Highly evolved, as Black Thought might say. And sure enough, the MC's scaled a couple rungs himself. He still occasionally sounds like Talib Kweli and De La Soul's Posdnuos, but even more often he sounds like a seeker, a man too busy asking questions to worry about his own originality-or, for that matter, the originality of his questions. He's allowed a line like "Don't want to be the Ruben Studdard and come off less threatening" because he's enacting the genuine fear and confusion he shares with his listeners. He's an MC who offers more awareness than insight, just as the Roots are a band that celebrates and interrogates their culture rather than advancing it. And their combined achievement is not without honor.

"There's a battle going on, people, and the minute Ahmir ""?uestlove"" Thompson first struck stick to drum to create resonant sound in real time, he and the Roots were picked for a side. Now, no one would call ?uest close-minded-dude even gives John Mayer props. But as outside champions of ""real"" music continue to bewail the mechanical, the inorganic and-heaven forfend!-the commercial, a hip-hop band inevitably lugs plenty of ideological baggage into the spotlight. Sure enough, the Roots have attracted their share of quasi-luddites and underground puritans-chat room quarterbacks are even now deeming superproducer Scott Storch's hardly overstated work on ""Don't Say Nuthin',"" the crew's latest single, ""a crime against drums.""

Given that context, Black Thought gets the gas face for his slip on ""Star/Pointro,"" the first cut on the Roots' sixth studio disc, The Tipping Point. Not only does the MC claim, ""Hip-hop is not pop like Kylie Minogue"" (so, what's it pop like, then?), but he pathetically fails to rhyme a mispronounced ""Mi-nogg"" with ""highly evolved"" (maybe you could've tried Velvet Revolver, BT?) That single cheap shot upsets the track's careful balancing act, a dialectic between the scratchy record playing Sly & the Family Stone's ""Everybody is a Star"" and the Roots funking along toward their eventual dub chamber submergence-a subtle tweaking of audience prejudice about what ""live music"" means.

""Introducing the band you've got to see to believe,"" BT rhymes on that same track, and for years that was their problem: studio technology making musicianship redundant. The band's first unmitigated triumph, Phrenology, largely sidestepped this issue by stressing versatility over virtuosity; so ferocious was its drive to condense African-American musical history onto a single disc I'm surprised they didn't format the tunes as mp3s to squeeze more in. The Tipping Point scales back those ambitions (not that the band had much of a choice-spread their arms any wider and they'd be pulling in field hollers, Cecil Taylor and Sammy Davis, Jr.) but it also more directly confronts what it means to be a hip-hop band.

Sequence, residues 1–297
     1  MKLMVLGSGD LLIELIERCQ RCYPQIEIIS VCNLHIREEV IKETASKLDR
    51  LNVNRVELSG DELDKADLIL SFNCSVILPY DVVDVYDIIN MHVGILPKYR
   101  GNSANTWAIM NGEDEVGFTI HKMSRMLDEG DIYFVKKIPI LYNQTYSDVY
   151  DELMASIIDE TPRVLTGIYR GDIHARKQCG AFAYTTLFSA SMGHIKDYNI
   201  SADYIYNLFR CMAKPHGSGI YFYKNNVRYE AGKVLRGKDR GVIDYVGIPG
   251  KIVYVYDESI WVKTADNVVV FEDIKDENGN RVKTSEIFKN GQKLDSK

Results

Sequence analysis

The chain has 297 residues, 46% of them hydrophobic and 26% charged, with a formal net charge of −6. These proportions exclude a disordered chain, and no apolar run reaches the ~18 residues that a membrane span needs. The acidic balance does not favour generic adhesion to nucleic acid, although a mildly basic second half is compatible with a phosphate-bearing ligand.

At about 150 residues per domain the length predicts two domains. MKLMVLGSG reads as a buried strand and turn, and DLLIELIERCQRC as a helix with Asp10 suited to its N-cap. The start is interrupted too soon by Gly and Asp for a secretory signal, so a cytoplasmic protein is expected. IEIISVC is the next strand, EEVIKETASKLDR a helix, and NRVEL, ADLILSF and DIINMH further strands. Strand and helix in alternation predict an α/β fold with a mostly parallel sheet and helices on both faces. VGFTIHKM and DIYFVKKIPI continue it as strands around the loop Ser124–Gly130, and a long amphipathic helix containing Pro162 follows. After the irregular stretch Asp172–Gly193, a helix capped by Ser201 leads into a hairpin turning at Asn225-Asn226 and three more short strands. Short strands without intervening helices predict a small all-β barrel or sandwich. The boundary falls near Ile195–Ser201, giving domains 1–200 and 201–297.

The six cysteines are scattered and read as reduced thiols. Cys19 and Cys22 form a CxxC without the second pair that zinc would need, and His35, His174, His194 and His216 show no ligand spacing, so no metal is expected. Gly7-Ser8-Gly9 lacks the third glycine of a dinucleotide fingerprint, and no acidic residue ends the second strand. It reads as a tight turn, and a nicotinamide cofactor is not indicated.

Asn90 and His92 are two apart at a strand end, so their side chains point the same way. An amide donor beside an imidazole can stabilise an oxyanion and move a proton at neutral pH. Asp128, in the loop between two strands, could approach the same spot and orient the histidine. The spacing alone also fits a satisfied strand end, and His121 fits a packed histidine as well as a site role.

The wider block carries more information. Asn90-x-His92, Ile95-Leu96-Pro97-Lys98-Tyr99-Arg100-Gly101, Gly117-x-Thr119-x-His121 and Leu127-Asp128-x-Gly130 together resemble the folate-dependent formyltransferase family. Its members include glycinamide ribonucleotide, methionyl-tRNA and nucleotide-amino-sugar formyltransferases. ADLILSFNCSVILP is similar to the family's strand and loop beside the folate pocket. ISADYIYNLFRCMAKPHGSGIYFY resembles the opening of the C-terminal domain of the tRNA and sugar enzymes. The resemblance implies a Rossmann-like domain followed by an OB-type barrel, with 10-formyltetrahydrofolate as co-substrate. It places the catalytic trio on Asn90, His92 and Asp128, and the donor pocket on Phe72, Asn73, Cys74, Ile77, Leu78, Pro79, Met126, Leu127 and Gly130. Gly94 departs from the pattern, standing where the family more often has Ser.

Though culled from jam sessions, the tracks on The Tipping Point are far from shapeless. They're too rhythmically taut to range into some noodlicious anybody-seen-the-hook? vacuum (one advantage of placing your drummer in charge) and they're often based around a single (though not always simple) pattern. ""Web"" is essentially a duet between ?uestlove and Black Thought, with Leonard Hubbard adding little more than a single bass thump per verse. And all additional details are carefully chosen-""Duck Down"" actually uses percussive quacks, as well as a unrelenting bass-drum pedal that gives ?uestlove's right ankle a serious workout. Overall, the band applies the judiciousness and focus it's gained with age to its pre-Phrenology style.

Highly evolved, as Black Thought might say. And sure enough, the MC's scaled a couple rungs himself. He still occasionally sounds like Talib Kweli and De La Soul's Posdnuos, but even more often he sounds like a seeker, a man too busy asking questions to worry about his own originality-or, for that matter, the originality of his questions. He's allowed a line like ""Don't want to be the Ruben Studdard and come off less threatening"" because he's enacting the genuine fear and confusion he shares with his listeners. He's an MC who offers more awareness than insight, just as the Roots are a band that celebrates and interrogates their culture rather than advancing it. And their combined achievement is not without honor.